The General went on:
“A lot of new men have taken to racing that no one knows anything about. That fellow who bought George’s horse, for instance; you’d never have seen his nose in Tattersalls when I was a young man. I find when I go racing I don’t know half the colours. It spoils the pleasure. It’s no longer the close borough that it was. George had better take care what he’s about. I can’t imagine what we’re coming to!”
On Margery Pendyce’s hearing, those words, “I can’t imagine what we’re coming to,” had fallen for four-and-thirty years, in every sort of connection, from many persons. It had become part of her life, indeed, to take it for granted that people could imagine nothing; just as the solid food and solid comfort of Worsted Skeynes and the misty mornings and the rain had become part of her life. And it was only the fact that her nerves were on edge and her heart bursting that made those words seem intolerable that morning; but habit was even now too strong, and she kept silence.
The General, to whom an answer was of no great moment, pursued his thoughts.
“And you mark my words, Margery; the elections will go against us. The country’s in a dangerous state.”
Mrs. Pendyce said:
“Oh, do you think the Liberals will really get in?”
From custom there was a shade of anxiety in her voice which she did not feel.
“Think?” repeated General Pendyce. “I pray every night to God they won’t!”
Folding both hands on the silver knob of his Malacca cane, he stared over them at the opposing wall; and there was something universal in that fixed stare, a sort of blank and not quite selfish apprehension. Behind his personal interests his ancestors had drilled into him the impossibility of imagining that he did not stand for the welfare of his country. Mrs. Pendyce, who had so often seen her husband look like that, leaned out of the window above the noisy street.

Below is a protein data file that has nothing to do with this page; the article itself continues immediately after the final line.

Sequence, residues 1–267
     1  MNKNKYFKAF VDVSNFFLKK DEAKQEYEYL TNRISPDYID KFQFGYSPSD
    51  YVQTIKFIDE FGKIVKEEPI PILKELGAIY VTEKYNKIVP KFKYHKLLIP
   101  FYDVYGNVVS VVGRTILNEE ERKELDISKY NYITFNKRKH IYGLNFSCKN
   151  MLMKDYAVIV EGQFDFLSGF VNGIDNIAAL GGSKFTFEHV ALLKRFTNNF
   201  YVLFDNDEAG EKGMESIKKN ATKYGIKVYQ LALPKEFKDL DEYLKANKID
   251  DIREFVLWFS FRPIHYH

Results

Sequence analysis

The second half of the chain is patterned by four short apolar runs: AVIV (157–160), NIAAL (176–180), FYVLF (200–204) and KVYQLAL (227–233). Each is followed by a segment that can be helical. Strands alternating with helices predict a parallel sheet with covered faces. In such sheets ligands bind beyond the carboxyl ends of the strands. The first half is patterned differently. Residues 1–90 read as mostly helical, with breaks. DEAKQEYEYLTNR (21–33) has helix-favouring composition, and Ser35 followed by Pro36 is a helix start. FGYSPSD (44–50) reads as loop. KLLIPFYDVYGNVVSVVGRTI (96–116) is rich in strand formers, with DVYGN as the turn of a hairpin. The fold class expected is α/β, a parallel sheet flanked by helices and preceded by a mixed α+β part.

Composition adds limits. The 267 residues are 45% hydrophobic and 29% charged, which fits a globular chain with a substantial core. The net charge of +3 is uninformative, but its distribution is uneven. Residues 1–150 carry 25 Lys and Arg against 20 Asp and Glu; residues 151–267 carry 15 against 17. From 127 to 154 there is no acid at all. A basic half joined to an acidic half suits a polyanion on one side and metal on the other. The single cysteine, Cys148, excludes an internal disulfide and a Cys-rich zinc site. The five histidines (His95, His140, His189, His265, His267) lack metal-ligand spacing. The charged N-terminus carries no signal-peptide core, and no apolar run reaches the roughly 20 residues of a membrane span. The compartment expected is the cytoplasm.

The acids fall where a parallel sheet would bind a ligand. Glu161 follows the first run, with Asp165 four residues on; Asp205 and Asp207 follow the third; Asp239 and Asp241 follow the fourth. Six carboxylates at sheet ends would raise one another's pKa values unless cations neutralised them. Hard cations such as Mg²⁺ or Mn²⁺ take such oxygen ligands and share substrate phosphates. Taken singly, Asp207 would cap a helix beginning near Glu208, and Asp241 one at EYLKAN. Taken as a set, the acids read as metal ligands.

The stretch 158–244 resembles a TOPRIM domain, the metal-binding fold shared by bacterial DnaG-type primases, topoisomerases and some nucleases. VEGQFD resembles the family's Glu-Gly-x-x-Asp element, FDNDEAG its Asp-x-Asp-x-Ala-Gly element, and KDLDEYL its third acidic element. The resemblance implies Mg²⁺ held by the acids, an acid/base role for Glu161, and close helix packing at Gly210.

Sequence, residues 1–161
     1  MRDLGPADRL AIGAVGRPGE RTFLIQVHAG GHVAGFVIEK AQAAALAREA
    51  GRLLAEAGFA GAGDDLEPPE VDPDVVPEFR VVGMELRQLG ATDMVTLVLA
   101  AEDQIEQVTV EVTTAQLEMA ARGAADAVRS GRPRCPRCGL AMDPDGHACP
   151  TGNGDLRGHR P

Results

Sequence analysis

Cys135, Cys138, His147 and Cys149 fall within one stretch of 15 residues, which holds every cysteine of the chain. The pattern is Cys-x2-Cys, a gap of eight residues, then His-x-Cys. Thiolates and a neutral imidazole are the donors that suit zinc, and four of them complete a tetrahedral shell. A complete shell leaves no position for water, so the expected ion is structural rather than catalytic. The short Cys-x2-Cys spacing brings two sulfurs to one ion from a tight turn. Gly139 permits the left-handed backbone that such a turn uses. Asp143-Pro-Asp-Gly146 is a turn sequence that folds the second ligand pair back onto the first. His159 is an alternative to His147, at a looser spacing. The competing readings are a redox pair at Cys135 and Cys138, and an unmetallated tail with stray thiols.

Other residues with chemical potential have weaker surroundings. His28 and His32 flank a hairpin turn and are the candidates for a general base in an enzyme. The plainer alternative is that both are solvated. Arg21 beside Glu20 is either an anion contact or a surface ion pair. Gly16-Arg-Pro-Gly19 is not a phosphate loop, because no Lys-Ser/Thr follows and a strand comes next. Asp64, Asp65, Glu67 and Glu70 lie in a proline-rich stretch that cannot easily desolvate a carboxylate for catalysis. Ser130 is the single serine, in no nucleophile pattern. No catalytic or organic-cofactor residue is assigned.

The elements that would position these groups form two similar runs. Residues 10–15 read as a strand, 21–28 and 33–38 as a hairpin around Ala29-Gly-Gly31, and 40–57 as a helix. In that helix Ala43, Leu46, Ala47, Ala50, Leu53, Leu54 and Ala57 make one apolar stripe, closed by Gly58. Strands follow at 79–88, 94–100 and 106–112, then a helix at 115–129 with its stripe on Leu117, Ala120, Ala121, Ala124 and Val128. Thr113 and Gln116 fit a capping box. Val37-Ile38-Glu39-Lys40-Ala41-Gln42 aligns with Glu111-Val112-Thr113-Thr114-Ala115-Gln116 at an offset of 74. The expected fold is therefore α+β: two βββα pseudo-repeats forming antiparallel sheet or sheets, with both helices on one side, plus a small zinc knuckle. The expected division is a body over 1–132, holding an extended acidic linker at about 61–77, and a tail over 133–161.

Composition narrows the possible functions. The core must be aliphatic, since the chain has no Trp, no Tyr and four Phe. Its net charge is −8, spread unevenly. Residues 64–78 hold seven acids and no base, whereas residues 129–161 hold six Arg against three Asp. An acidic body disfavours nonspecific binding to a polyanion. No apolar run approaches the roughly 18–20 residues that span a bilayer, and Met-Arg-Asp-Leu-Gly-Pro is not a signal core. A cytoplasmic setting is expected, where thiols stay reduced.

The General rose.
“Well,” he said, “if I can’t do anything for you, Margery, I’ll take myself off; you’re busy with your dressmakers. Give my love to Horace, and tell him not to send me another telegram like that.”
And bending stiffly, he pressed her hand with a touch of real courtesy and kindness, took up his hat, and went away. Mrs. Pendyce, watching him descend the stairs, watching his stiff sloping shoulders, his head with its grey hair brushed carefully away from the centre parting, the backs of his feeble, active knees, put her hand to her breast and sighed, for with him she seemed to see descending all her past life, and that one cannot see unmoved.
MRS. BELLEW SQUARES HER ACCOUNTS
Mrs. Bellew sat on her bed smoothing out the halves of a letter; by her side was her jewel-case. Taking from it an amethyst necklet, an emerald pendant, and a diamond ring, she wrapped them in cottonwool, and put them in an envelope. The other jewels she dropped one by one into her lap, and sat looking at them. At last, putting two necklets and two rings back into the jewel-case, she placed the rest in a little green box, and taking that and the envelope, went out. She called a hansom, drove to a post-office, and sent a telegram: